Unlucky In Love

About a month ago, now, I endured the original Japanese film, Gojira, which made me both overwhelmed and underwhelmed at the same time. As revealed in my previous post, I took this feeling to be love. Gojira and I had a good run, but our honeymoon phase is over. We’re breaking up. It’s best for both of us. I’m having a love affair with Japanese horror films, but I won’t talk about that now.

As the true-blue cultural outsider that I am, I noted in my last post about how different 1950’s Japanese couples were from the modern Australian couples I was used to seeing, especially in terms of the character’s lack of physical contact in the film. I figured I should give it some more background info. Australia has a Christianity-based “guilt culture”, which is ruled by internal moral standards, whereas Japan has a “shame culture”, meaning it is ruled by external moral standards. There are many potential reasons for this, including linguistic, governmental, and multicultural theories. I’ve yet to really decide if this theory promotes the idea of the ‘other’ a bit too much for my liking, but you can read more about it here if you feel so inclined.



The Japanese term for the touchy-feely behaviour I’m talking about is Icha Icha. It can mean anything from a peck on the cheek to wild sex. It’s got the same kind of ambiguity there is in English when a friend says they ‘hooked up’ with someone and you don’t really know what courteous ‘ohh’ sound you’re meant to make in response.

Basically, Japan relies on social shame and disapproving glares to make sure everyone keeps their hands to themselves. At first I thought that it was a bit like in primary school where we were all yelled at not to touch each other, and then I thought that it would make people repress their emotions and that can’t be healthy. Then I had a bit of a mini epiphany like, ‘actually, who the hell am I to decide what is or isn’t healthy??? I have no background in cultural studies or psychology. Maybe I should shut up and be a bit more accepting.’ And then I was like ‘wait, I’ve gone off topic again.’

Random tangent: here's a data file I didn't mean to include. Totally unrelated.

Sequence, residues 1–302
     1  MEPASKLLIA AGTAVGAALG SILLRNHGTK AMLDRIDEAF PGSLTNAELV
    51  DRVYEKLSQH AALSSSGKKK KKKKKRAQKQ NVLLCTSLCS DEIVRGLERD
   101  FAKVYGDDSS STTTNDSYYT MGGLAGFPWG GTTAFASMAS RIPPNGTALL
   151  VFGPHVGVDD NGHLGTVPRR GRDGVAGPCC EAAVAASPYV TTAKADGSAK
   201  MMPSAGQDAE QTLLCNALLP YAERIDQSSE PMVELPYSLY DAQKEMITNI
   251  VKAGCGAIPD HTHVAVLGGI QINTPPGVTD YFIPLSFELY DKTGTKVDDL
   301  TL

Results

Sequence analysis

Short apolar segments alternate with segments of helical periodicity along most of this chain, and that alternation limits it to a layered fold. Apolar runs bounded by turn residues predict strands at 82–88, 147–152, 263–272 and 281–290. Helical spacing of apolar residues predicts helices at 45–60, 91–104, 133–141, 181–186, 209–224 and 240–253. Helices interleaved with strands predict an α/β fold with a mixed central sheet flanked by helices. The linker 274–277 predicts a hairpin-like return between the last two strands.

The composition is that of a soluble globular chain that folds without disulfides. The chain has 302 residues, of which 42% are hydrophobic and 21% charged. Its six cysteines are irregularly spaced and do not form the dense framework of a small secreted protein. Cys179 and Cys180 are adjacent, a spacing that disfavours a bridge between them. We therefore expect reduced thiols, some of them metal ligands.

To properly and concisely revisit my thoughts on the couple I thought was ‘weird and detached’ (a line which I didn’t really want to share online at first in fear of being pegged a racist): I’ve discovered that Japan still considers it taboo for couples to have public displays of affection, but they aren’t against hand-holding anymore, which they used to be in the 1950’s. I’ve thought about this a lot over the past week, and I’ve decided that a) this difference isn’t even a bad thing, it is just a thing, and b) maybe Australians should take note because I wanted to evaporate in a lift yesterday when a couple started making out next to me.

Here is somewhere else to look at info on couple etiquette in Japanese culture – again, it’s a bit of US, THE NORMAL ONES vs. JAPAN THE ALIENS, but with the website name being ‘Outsider Japan’, what can you really expect? It’s interesting, just be wary of the language used. This site is also very interesting with much less of an US and THEM mentality.

In my last post, I did talk about the character archetypes I noticed, but I won’t mention them here. They will appear in a later post when I talk about female representation and character archetypes in Japanese horror films. It’s going to be a shocker.

I’ll leave you with this nugget of wisdom: a bit of classic Australian ignorance can be somewhat cleared up by autoethnographic research, especially with the help of Ellis et al.


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